Two species of Spartina are  native to California; California cord grass is the more common. In addition four non-native species have been introduced, The non-natives and their hybrids are considered invasive weeds with deleterious impacts on the native salt marsh ecosystems.131,133

California cord grass is the only species of Spartina to occur in the Reserve. So far as we know, there has been no genetic contamination from the  smooth stem cord grass
(S. alterniflora) that has invaded areas in Central California, but genetic tests to prove this have been inconclusive.

                 
 

Ecology

Ecology

California cord grass is adapted to the difficult habitat just below the high tide line, below other saltmarsh plants. In this zone, its roots are often submerged and the soil that anchors them is often low in oxygen. The leaves of California cord grass have a system of elongated, hollow cells. Together with a hollow stem these facilitate the exchange of oxygen and carbon dioxide between the leaves and the roots.11,41  Analogous structures are found in cattails and bulrush (e.g. Typha domingensis and Schoenoplectus californicus).

Cord grass depends upon seawater for its water needs. Like other saltmarsh plants, the roots of cord grass have the ability to exclude salt.31 Additionally, stems and leaves are provided with salt glands that excrete
absorbed salt ;132 like salt grass (Distichlis spicata) and alkali heath (Frankenia salina), California cord grass is often bedecked with tiny salt crystals that sparkle in the sun.

           

 

Human Uses

Human Uses 16

The Kumeyaay made bundles from the stems and used these for house walls. The roots were also boiled into a baby medicine.

 

             

Interesting Facts

Interesting Facts

In the 1970s the Army Corps of Engineers introduced the smooth cord grass (S. alterniflora) into San Francisco Bay as a component of a revegetation project. Smooth cord grass is native to the East Coast, not California. This species quickly hybridized with our native species and the aggressive hybrid swarms began displacing the native species131 and altering the surrounding ecosystem.133 It is now thought that there are no pure stands of California cord grass in San Francisco Bay and the hybrids have spread into estuaries to the north and south.

Less than ten years ago, three small clumps of California cord grass first appeared in San Elijo Lagoon, in the salt marsh of Central Basin. To our knowledge cord grass had not grown in San Elijo Lagoon previously, although a population was established in Batiquitos Lagoon to the north. Since first seen in San Elijo, the cord grass has spread rapidly through West and Central Basin.  Morphological characteristics suggest that our recent arrival is the pure native species, but attempts to confirm this genetically to rule out genetic contamination have been inconclusive.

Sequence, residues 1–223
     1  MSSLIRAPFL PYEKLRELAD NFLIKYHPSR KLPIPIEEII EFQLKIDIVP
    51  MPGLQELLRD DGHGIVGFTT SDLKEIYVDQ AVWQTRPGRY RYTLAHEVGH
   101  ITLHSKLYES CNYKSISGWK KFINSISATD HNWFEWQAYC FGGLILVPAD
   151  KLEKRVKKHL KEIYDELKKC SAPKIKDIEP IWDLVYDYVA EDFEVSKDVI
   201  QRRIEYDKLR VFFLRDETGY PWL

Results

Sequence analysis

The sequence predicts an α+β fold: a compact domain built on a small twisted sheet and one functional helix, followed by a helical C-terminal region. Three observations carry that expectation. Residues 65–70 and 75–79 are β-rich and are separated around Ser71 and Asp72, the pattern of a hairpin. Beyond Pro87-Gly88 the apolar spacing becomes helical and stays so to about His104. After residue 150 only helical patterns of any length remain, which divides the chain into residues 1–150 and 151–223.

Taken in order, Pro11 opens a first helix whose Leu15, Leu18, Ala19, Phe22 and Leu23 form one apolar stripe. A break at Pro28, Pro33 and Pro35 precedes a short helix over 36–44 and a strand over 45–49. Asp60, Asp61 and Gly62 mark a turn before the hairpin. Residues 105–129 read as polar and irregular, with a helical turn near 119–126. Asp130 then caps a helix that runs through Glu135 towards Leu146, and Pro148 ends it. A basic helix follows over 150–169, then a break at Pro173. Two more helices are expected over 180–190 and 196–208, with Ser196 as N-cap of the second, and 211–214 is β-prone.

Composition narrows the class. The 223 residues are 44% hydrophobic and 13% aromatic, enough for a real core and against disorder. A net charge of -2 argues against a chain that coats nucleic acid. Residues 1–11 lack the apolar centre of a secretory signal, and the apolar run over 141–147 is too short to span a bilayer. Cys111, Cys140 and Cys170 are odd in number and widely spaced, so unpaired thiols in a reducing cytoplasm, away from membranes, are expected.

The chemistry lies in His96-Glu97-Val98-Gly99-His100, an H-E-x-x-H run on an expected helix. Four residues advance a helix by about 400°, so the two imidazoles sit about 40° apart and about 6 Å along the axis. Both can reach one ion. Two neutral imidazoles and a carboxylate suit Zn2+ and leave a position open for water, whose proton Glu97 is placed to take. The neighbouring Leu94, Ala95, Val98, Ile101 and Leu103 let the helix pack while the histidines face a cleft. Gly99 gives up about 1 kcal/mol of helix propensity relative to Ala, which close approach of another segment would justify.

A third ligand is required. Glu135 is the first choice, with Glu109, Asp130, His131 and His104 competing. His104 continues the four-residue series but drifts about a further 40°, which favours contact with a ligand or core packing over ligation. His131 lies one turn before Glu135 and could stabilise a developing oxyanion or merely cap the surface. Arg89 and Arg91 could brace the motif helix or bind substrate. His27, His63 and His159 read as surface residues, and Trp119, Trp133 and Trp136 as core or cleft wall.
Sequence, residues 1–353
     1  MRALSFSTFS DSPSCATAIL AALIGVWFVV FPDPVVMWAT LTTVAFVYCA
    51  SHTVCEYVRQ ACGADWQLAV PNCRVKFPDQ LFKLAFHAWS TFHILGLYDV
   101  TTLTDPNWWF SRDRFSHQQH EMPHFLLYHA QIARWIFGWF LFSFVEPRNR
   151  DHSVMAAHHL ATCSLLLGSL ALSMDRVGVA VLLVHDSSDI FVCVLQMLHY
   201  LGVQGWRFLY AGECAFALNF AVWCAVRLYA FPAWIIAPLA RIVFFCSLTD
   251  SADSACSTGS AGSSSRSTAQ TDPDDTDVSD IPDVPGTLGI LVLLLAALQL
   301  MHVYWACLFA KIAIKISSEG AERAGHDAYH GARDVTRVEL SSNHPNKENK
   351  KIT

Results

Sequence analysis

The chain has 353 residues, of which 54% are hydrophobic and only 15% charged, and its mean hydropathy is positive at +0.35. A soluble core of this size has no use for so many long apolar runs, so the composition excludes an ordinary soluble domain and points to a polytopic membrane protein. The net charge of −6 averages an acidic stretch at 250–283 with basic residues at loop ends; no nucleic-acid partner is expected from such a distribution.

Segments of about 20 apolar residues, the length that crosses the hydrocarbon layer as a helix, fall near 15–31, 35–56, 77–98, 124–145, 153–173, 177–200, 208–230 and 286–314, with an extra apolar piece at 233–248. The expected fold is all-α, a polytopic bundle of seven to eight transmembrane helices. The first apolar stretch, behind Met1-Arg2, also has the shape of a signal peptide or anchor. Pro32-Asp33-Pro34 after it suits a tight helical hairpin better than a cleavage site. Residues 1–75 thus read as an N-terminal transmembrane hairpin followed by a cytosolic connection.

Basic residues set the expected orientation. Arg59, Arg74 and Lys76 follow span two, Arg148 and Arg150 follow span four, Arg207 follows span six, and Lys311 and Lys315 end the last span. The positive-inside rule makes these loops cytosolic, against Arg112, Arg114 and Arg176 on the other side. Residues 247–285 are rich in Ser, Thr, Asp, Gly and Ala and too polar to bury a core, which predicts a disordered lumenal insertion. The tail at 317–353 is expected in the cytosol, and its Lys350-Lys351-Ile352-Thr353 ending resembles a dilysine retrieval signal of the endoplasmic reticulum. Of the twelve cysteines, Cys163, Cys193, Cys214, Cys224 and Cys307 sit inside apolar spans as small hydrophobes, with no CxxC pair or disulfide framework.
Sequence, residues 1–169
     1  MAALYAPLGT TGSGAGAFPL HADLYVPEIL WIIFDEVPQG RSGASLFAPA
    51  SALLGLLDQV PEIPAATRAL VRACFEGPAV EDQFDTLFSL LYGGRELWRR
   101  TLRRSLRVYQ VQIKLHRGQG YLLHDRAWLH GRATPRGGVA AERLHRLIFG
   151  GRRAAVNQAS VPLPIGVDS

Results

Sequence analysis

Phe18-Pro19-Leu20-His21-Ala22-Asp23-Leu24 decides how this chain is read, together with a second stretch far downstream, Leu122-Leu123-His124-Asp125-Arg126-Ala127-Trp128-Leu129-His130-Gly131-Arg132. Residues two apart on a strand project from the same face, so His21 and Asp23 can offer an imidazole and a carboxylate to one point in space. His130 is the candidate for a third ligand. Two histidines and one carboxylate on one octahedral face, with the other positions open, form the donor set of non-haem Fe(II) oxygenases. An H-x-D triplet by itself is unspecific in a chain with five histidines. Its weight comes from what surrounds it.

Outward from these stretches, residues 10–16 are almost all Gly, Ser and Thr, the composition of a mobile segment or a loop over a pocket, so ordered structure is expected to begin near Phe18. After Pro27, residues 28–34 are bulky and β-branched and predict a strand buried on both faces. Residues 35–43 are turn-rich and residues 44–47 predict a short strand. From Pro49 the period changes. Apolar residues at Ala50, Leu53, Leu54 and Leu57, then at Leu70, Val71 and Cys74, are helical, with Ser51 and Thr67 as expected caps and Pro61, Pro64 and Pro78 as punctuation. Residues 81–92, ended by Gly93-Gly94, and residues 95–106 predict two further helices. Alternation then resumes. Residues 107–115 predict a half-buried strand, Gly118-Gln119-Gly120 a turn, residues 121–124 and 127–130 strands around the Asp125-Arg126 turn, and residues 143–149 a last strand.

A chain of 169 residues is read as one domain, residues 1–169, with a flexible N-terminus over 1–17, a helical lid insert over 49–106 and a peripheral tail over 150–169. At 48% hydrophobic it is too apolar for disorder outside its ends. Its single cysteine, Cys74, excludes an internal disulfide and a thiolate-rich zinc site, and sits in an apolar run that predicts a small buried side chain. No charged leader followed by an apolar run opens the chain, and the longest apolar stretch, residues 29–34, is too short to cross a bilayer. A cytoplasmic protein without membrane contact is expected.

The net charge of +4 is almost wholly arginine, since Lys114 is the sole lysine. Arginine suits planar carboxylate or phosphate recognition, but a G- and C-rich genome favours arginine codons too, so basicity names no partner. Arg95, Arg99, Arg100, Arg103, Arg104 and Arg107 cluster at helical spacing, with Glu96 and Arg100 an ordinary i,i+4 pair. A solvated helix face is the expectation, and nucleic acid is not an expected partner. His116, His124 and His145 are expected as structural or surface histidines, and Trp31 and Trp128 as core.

Cord grass is the preferred habitat for the endangered Light-footed Clapper Rail (now Ridgway's Rail).34,40 Rails build their nests of the hollow stems, anchoring them around upright stems which allows nests to float on the tides without being rafted away. The upright portions of the cord grass are woven over the nest to camouflage it from above, while a ramp is constructed between the nest and the ground. "The limited extent of marsh dominated by cordgrass appears to be the primary current factor preventing the population's recovery."40

Since California cord grass has become established in San Elijo Lagoon, our population of Clapper Rails has increased. In 2010, during the summer months (July-September, when Clapper Rail sightings are typically higher) the monthly bird surveys reported an average of 7 birds west of the freeway. Four years later this count exceeded 20 birds.

 

               

Photos

Central Basin, south side (Osprey Point); Oct. 2010
Central Basin, south side (Osprey Point); Oct. 2010
young patch of cord grass; Central Basin, south side (Osprey Point); Oct. 2010
same patch; Central Basin, south side (Osprey Point); Oct. 2014
Central Basin, south side (Osprey Point); Oct. 2010
Central Basin, south side (Osprey Point); Oct. 2010
Central Basin, south side (Osprey Point.); Nov. 2010
Central Basin, south side (Osprey Point); Nov. 2010
Nature Center; Oct. 2014
Central Basin, south side (Rios trailhead); Sept. 2013
Nature Center; Oct. 2014
florets along flower head; Nature Center, Sept. 2014
florets along flower head; Nature Center, Sept. 2014
Nature Center, Sept. 2014
Nature Center, Sept. 2014
Nature Center, Sept. 2014
Ridgway's rail; Nature Center, Oct. 2014; photo courtesy of Al Butler
stem with salt crystals (10X); plant from the Nature Center, Sept. 2014
florets (10X); arrows point to anthers (left) and styles (right); plant from the Nature Center, Sept. 2014
single floret (10X); 3 anthers surround pistil with 2-branched style, all subtended by palea and lemma; plant from the Nature Center, Sept. 2014
roots and rhyzomes; plant from the Nature Center, Sept. 2014